The changes sweeping across the camera industry continue to reflect themselves across company broadsheets as smartphone camera sales explode and other segments wane, some much more so than others.
In a bit of disheartening news, digital camera shipments fell even lower than their nadir in 2016, posting one of the lowest volume years on record according to industry analytics group CIPA (Camera and Imaging Products Association).
A little over 2 million digital cameras were shipped in November 2017, 17% lower than in that same month in 2016. That’s a massive decline year over year and even more troubling when taken into consideration with prior years like 2015.
Looking back at November 2015, the numbers become even sadder as DP Review notes 2015 saw almost a million more units shipped than in 2017.
This larger trend probably explains why many major optics manufacturers are shrinking their digital camera output with some even shuttering factories that produce digital cameras exclusively.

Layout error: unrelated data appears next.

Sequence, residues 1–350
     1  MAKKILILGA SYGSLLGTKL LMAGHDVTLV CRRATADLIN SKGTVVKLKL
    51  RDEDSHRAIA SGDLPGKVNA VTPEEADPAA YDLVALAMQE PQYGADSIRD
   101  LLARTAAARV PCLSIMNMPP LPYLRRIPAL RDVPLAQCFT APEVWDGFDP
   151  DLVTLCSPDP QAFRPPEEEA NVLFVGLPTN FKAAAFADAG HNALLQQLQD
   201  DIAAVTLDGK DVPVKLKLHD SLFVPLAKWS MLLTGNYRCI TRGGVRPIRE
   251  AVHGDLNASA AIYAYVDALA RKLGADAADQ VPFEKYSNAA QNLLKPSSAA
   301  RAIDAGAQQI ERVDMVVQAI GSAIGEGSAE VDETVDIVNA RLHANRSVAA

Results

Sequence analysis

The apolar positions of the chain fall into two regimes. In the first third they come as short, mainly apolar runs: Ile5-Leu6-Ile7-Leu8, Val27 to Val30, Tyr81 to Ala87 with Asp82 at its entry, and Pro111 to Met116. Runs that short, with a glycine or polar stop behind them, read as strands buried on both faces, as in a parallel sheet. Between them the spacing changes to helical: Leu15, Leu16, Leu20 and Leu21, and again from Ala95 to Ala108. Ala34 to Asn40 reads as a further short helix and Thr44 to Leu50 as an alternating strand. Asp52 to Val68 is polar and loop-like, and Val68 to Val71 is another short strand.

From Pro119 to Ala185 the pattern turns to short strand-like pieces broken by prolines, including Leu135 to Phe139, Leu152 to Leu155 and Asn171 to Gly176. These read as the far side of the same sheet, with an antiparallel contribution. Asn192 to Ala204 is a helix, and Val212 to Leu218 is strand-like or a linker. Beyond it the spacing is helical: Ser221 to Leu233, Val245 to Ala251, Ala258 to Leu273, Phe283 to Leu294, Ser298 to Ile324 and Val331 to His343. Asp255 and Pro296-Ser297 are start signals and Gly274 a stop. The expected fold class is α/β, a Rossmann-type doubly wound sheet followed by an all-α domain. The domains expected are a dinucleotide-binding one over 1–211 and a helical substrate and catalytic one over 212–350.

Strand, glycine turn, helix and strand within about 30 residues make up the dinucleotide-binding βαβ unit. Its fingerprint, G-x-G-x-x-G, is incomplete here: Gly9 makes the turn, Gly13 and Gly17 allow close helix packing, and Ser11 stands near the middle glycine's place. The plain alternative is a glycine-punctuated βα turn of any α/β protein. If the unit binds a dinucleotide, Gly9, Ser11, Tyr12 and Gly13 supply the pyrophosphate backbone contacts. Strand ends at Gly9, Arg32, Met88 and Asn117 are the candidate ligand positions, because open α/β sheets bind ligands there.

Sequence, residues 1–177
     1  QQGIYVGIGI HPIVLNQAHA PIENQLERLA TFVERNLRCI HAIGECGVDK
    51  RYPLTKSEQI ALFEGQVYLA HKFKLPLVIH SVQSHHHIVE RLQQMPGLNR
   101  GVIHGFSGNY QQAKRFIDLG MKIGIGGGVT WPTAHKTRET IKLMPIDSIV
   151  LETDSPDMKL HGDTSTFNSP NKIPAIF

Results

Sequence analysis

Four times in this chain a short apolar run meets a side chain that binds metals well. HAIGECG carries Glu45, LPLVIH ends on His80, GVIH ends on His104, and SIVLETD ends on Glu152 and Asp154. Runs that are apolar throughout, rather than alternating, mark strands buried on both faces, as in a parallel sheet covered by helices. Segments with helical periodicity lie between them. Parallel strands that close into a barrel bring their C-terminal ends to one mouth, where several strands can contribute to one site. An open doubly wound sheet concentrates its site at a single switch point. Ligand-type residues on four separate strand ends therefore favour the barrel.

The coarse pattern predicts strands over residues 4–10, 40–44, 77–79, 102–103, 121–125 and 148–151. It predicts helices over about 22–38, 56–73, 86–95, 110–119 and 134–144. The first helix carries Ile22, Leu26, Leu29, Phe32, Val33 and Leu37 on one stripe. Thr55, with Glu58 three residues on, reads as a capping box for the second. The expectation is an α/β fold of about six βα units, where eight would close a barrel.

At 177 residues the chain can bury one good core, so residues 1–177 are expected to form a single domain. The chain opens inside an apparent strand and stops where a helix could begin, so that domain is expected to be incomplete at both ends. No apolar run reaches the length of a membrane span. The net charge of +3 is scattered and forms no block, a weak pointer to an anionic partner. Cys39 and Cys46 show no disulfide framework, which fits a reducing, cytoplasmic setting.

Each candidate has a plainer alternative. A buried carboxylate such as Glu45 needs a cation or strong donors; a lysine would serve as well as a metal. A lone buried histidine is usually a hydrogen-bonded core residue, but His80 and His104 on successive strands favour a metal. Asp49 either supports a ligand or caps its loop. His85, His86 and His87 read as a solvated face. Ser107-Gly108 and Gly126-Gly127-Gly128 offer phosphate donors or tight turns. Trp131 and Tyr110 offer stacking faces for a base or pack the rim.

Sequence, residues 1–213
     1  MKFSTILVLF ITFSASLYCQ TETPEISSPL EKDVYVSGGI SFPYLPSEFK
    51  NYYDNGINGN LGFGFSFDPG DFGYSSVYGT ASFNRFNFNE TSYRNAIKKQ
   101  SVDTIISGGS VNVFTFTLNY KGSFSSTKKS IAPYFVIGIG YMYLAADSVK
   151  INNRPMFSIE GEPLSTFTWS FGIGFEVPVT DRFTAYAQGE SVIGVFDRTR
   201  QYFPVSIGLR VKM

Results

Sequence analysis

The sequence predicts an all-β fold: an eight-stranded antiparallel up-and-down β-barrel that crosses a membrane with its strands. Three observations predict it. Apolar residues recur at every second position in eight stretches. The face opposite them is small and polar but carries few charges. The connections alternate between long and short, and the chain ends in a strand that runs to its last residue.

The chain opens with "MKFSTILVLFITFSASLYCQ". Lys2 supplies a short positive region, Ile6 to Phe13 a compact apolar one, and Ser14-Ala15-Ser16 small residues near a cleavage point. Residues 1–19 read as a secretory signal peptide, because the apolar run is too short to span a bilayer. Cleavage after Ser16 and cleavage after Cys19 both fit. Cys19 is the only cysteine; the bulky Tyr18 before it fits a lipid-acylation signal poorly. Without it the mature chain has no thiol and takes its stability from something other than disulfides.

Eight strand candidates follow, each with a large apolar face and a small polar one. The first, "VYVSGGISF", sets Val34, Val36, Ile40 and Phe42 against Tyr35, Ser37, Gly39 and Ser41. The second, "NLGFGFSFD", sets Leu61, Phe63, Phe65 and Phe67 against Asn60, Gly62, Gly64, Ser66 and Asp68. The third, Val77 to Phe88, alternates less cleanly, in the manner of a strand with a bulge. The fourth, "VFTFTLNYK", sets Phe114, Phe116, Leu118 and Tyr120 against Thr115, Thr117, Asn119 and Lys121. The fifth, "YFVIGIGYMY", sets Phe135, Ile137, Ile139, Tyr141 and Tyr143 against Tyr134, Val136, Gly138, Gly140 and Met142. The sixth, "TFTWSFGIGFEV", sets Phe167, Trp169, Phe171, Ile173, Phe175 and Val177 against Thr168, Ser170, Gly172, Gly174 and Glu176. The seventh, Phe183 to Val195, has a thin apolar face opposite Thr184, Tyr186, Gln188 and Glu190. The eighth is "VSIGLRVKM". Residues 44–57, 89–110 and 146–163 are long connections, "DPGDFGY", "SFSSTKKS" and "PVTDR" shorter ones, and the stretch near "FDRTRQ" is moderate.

A lot of the low-end camera market is now part of the burgeoning (and highly profitable) smartphone camera sector.
This isn’t to say that smartphone cameras are cheap or less advanced; on the contrary, it is smartphone cameras’ growing adaptability and technical prowess that puts that segment on such a growth trajectory.
The digital camera shipments now mirror the interchangeable lens segment shipments with system cameras and DSLRs experiencing less dramatic shifts in units shipped.
As industry analysts predicted for some time, the advance of smartphone cameras would have wide-ranging effects on the industry at large, reshaping entire segments in its wake.
November is a typically strong month for optics manufacturers as the winter holidays approach – a major buying season in many parts of the world. Softness during this time period could signal larger worries for camera companies relying on the revenue from this sales period.